Is Theia multi-tenant in any way?

[original thread by dehru]

Theia can server multiple clients. Each client gets own running instances of language servers, VS Code extensions with own state of dirty editors and so on. But at the same time several clients using the same backend will see each other processes like terminals, debug sessions and so on. If you don’t want such sharing you will need to give each client own backend what products like Gitpod, Google Cloud Shell or Eclpise Che do.

@dehru also consider that Theia is meant to be use to produce desktop application as well as Cloud applications. On the desktop (Electron) it’s assumed that the user has already authenticated and will have exclusive use of this application.

So what we have is the smallest common denominator to satisfy both those use-cases.


Thanks Anton and Marc. Let me be less vague.

I am evaluating how to use Theia as a potential framework for a multi-tenant web code editor. As such I am comparing it to how other web-based code editors, like GitPod, Coder, Che, are doing it. The current requirement is for both soft multi-tenancy (users from the same trusted company) and hard multi-tenancy (users from the different companies). The degree of isolation is different for each.

At this point, I am trying to figure out how much of our tenancy requirements can be accomplished with just Theia ( the source at ). So I’d like to understand a bit more about Theia’s webserver.

What requirements does Theia’s webserver fulfill (and what it doesn’t)? / What was it built to accomplish?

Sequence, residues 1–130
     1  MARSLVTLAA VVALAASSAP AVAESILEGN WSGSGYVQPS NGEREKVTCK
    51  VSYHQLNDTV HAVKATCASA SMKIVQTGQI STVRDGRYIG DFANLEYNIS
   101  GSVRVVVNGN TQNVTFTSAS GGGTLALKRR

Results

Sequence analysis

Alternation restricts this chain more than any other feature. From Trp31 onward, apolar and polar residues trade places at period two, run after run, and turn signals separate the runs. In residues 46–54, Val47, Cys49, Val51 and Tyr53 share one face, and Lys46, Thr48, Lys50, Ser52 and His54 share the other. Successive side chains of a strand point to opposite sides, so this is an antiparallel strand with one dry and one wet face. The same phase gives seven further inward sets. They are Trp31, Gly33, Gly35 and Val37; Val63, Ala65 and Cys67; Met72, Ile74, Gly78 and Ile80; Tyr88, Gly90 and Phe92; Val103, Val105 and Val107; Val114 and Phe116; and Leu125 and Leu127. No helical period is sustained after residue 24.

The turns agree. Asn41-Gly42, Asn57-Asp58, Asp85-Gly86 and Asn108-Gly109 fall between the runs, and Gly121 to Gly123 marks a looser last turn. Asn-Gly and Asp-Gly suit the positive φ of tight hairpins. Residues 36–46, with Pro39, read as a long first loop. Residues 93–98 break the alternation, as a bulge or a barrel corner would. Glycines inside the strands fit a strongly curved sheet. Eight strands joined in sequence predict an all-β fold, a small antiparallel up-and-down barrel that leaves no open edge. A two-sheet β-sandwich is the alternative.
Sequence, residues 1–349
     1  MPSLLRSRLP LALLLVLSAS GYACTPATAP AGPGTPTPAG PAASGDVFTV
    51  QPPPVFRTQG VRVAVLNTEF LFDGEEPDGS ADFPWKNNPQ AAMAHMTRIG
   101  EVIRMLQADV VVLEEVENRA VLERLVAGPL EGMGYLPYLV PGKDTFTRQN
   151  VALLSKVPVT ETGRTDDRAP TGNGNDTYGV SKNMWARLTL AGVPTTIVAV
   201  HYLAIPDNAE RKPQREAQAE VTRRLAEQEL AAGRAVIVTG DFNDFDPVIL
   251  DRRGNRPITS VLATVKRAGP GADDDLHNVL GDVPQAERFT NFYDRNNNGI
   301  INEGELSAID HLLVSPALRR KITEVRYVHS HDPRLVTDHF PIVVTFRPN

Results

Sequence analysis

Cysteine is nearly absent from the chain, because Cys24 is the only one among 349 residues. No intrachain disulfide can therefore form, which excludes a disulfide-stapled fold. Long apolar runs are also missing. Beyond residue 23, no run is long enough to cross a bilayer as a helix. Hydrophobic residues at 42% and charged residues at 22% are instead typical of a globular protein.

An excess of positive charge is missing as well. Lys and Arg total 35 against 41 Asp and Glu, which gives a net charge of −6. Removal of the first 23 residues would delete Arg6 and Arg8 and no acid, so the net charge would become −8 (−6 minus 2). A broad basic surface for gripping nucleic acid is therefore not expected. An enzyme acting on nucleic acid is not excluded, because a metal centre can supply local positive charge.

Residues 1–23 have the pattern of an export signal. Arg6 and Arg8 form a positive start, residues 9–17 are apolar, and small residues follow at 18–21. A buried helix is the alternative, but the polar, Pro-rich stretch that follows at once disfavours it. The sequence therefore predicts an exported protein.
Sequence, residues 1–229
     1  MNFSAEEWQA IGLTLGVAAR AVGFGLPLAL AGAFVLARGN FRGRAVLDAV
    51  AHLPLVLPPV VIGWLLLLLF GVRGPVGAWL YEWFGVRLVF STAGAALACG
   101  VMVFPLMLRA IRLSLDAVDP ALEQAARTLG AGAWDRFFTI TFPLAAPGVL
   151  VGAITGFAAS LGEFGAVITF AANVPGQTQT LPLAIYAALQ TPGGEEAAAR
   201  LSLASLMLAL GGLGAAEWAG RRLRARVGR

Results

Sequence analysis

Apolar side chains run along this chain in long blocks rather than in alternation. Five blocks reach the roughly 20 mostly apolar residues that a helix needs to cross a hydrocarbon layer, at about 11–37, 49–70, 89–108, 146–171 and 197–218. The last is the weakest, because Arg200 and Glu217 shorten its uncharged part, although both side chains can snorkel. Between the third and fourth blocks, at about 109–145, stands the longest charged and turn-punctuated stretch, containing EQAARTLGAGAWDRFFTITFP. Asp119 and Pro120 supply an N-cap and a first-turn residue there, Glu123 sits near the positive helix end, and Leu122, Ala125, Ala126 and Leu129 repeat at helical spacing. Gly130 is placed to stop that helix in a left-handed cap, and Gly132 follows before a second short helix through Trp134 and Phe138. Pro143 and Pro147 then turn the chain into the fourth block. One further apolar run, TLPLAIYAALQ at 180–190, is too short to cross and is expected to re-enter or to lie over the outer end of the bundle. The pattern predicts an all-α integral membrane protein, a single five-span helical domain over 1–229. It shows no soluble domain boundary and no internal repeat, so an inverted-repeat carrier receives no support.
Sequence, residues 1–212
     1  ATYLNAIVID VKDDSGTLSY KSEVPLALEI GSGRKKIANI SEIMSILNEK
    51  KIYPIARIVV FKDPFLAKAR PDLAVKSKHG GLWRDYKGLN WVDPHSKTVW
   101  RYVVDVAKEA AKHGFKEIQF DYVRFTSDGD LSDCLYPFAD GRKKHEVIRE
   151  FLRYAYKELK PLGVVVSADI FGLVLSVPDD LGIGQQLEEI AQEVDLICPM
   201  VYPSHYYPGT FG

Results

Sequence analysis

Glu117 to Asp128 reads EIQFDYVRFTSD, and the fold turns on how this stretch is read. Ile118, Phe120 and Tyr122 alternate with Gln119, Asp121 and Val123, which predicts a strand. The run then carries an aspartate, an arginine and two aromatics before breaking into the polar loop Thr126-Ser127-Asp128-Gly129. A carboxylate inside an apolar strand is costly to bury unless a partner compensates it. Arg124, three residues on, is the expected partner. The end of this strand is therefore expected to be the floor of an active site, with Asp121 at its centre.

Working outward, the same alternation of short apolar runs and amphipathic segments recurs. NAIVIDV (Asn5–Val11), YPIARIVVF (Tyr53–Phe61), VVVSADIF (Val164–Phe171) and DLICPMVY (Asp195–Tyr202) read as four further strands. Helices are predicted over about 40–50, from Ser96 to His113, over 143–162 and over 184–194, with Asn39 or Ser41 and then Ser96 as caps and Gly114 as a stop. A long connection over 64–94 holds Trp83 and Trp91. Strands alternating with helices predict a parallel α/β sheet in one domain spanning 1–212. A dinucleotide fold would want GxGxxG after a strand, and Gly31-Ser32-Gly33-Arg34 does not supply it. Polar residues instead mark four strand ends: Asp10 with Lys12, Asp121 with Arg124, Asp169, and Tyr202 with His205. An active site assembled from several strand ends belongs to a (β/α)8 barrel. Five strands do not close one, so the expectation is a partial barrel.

And to follow up on that question, to support our multi-tenancy requirements, if I’m going to need to:

  1. Replace it with our own?

  2. Augment it with BackendApplicationContributions?

  3. Build a wrapper around each instance of Theia (like what Anton suggested)?

If anyone else is using Theia this way ( soft and hard multi-tenancy ) and are willing and able to share what they are doing, that would be appreciated too!

Hi @dehru . As far as I understand, the built-in web server is used (only?) to serve the frontend application in vanilla Theia. Using option 2, you should be able to make it do more, with your own contribution(s).

Here’s an old issue with some interesting information, that could maybe help you:

Alternatively, you can use strategy #3 and so have each instance of Theia serve only one user; then the multi-tenancy would be implemented in the “wrapper” layer above. So far this seems to be the popular way to go.

What requirements does Theia’s webserver fulfill (and what it doesn’t)? / What was it built to accomplish?

Theia’s backend first dispatch the frontend (html/js files), and then also provide services over Websockets and RPC protocol for the frontend to use.

You can see the backend as a slave to the frontend, as the IDE actually runs in your browser. The backend has as little state as possible, but I wouldn’t say that it is stateless.

e.g. The backend allows the frontend to ask for disk content, or anything that would exists on the host and that the IDE would need to access.
edit: Another important example: The backend also makes the bridge frontend <–(websocket)–> backend <–(stdio)–> processes.